1. Charleston Historic District
Strolling through the Charleston Historic District is like stepping straight into the past. Downtown Charleston has become known for its remarkable array of 18th century homes, churches, and businesses, while a new generation of entrepreneurs offer exciting new shopping and dining experiences. Don't forget to stop by the Charleston City Market during your stay to pick up a traditional sweetgrass woven basket!
2. Myrtle Beach
3. Historic Downtown Beaufort
Founded in 1711, Beaufort is a quaint waterfront town just north of Savannah, Georgia, and is the second oldest city in South Carolina behind Charleston. Situated underneath a gorgeous canopy of spanish moss, Beaufort boasts approximately 304-acres of intertwining city streets that are officially designated as a National Historic Landmark.
4. The USS Yorktown at Patriot's Point
During World War II, the USS Yorktown played a significant role in the Pacific Offensive against the Japanese foothold on Southeast Asia, which earned the vessel 11 battle stars for its service. Today, the ship is permanently located at Patriot's Point on the Charleston Harbor, and serves as a museum offering a fascinating look into the past, present, and future of our nation's honorable service members.
5. Caesars Head State Park
Caesars Head State Park comprises 7,467 pristine acres of beautiful southern wilderness located at South Carolina's northwest border with North Carolina. From an easily-accessible trail, visitors are granted a breathtaking view of its forest and the iconic granitic gneiss outcrop splitting its landscape atop the Blue Ridge Escarpment.
6. Fort Sumter National Monument
In 1861, after years of rising tensions between the North and the South, Fort Sumter became the Civil War's ground zero. It was then that Confederate artillery opened fire on this Union garrison, forcing the Union Army to surrender the fort to Confederate hands until the end of the war in 1865. Today, the Fort Sumter National Monument offers a fascinating look into the history of the region and the events that shaped this nation.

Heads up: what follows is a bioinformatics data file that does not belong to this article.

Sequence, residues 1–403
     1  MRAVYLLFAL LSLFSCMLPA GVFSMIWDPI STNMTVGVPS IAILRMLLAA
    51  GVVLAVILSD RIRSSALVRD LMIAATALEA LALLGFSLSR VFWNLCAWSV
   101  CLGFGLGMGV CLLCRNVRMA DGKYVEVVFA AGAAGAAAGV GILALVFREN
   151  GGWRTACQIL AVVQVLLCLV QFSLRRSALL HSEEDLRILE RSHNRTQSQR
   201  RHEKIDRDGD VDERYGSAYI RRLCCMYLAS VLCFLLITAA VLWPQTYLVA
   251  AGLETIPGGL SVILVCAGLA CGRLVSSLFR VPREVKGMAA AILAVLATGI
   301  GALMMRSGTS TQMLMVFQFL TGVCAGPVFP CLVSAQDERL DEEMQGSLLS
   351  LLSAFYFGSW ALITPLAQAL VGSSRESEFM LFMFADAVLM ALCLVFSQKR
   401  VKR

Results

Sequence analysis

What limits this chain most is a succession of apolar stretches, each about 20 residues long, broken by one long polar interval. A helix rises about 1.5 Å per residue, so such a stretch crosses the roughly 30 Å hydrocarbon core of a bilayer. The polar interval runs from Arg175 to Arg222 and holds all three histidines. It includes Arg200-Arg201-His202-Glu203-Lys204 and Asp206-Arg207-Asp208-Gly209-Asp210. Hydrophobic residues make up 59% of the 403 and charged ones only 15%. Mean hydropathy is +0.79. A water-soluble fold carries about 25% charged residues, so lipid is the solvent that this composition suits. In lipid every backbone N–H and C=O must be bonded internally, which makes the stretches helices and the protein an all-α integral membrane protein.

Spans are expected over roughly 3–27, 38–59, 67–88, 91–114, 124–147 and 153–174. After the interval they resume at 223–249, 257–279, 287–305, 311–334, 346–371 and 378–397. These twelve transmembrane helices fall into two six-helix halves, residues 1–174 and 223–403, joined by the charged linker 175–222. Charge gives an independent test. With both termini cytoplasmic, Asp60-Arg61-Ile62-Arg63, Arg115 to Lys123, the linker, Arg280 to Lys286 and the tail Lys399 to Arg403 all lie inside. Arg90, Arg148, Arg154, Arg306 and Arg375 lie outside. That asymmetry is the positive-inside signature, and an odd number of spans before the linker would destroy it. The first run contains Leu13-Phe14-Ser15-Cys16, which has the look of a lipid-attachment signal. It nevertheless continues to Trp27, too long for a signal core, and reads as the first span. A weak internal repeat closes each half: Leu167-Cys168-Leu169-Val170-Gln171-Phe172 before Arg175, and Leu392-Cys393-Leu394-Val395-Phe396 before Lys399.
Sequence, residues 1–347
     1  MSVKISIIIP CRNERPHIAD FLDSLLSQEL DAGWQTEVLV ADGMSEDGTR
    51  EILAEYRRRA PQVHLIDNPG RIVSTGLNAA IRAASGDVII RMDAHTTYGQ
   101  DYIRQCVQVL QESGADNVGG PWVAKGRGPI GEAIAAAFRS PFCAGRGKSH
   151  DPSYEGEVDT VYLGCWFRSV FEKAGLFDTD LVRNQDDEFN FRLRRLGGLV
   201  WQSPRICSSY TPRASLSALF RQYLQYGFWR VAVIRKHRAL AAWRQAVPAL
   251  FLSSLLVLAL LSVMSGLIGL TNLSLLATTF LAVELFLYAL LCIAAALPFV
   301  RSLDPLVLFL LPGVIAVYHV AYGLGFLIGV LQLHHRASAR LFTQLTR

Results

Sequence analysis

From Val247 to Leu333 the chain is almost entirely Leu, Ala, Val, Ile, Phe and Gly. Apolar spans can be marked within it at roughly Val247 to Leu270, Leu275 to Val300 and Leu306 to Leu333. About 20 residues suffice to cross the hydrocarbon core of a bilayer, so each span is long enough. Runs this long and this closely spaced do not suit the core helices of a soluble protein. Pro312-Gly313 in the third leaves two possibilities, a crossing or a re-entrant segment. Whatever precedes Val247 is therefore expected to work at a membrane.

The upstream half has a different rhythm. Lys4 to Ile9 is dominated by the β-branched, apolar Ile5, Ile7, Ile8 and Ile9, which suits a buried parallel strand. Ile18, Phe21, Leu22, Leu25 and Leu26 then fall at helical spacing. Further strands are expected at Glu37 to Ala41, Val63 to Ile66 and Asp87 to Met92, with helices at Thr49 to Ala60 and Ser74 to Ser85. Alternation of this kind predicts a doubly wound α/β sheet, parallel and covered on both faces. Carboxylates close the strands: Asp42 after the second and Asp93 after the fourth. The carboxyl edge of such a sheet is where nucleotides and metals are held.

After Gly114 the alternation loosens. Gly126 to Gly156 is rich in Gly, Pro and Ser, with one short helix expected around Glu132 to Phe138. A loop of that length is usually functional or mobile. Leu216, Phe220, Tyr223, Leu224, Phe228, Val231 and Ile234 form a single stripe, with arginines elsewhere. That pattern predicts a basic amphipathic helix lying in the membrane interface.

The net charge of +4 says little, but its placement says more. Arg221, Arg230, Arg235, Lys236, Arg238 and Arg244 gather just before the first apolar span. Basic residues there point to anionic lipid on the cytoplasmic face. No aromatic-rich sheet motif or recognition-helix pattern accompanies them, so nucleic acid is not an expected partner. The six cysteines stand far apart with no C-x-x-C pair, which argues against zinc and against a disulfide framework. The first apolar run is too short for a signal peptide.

7. Hunting Island State Park
Hunting Island State Park features thousands of acres of beautiful South Carolina beaches, marshlands, and forest, as well as the only publicly accessible lighthouse in the entire state! You might also recognize the exotic landscape as the place where Tom Hanks filmed his iconic Vietnam scenes in the 1994 film, Forrest Gump.
8. Angel Oak Tree
While there is no official consensus on the actual age of the Angel Oak Tree, estimates place it well within the range of 400 to 1,500 years old! Standing at almost 70 feet tall, the Angel Oak Tree is an absolute must see when passing through Charleston.
9. Hilton Head Island
While Hilton Head Island only spans a mere 12 miles, its peaceful beaches and world class resorts have established it as the perfect vacation getaway for South Carolinians and international travelers alike. Aside from its breathtaking scenic views of the Atlantic, the island also boasts 24 top-tier golf courses, 350 tennis courts, and over 250 restaurants.
10. Botany Bay Plantation Wildlife Management Area
In 1977, the state of South Carolina acquired this remarkable location to preserve and ensure the appreciation of its beaches and inhabitant species. Since then, Botany Bay has become a favorite tourist destination for those looking to escape the bustle of daily life. This preserve is also home to 21 officially registered historic sites that provide a fascinating insight into the state’s rich and sometimes sobering history.
11. Old Sheldon Church Ruins
Just north of Beaufort is the Old Sheldon Church Ruins, a place frequented by scenic day trippers and shutterbugs alike. Built in 1757, the church was burned to the ground in 1779 by British troops during the Revolutionary War. After being rebuilt during the 1820s, it was burned to the ground once more by Union troops towards the end of the Civil War. Unfortunately, it was never rebuilt again.
12. Swan Lake Iris Gardens
Visiting Swan Lake Iris Gardens is like stepping into The Notebook. Its beautiful dark waters are the only public park in the U.S. to contain all eight species of swan, while every spring, the park can be found bursting with color as the Japanese iris begins to take bloom.
13. Brookgreen Gardens
Located on Pawleys Island, just outside of Myrtle Beach, Brookgreen Gardens holds accreditations from the American Alliance of Museums, the Association of Zoos and Aquariums, and is even designated as a National Historic Landmark. Its wide array of gardens, wildlife, and sculptures make this spot not only a beautiful scenic day trip, but also a world class art destination.
14. Congaree National Park
Congaree National Park was the state's first national park, and offers plenty of outdoor activities to reconnect with the natural South Carolina landscape. The park contains over 20,000 acres of hiking amongst the wilderness, as well as an opportunity to canoe down the beautiful and peaceful Cedar Creek.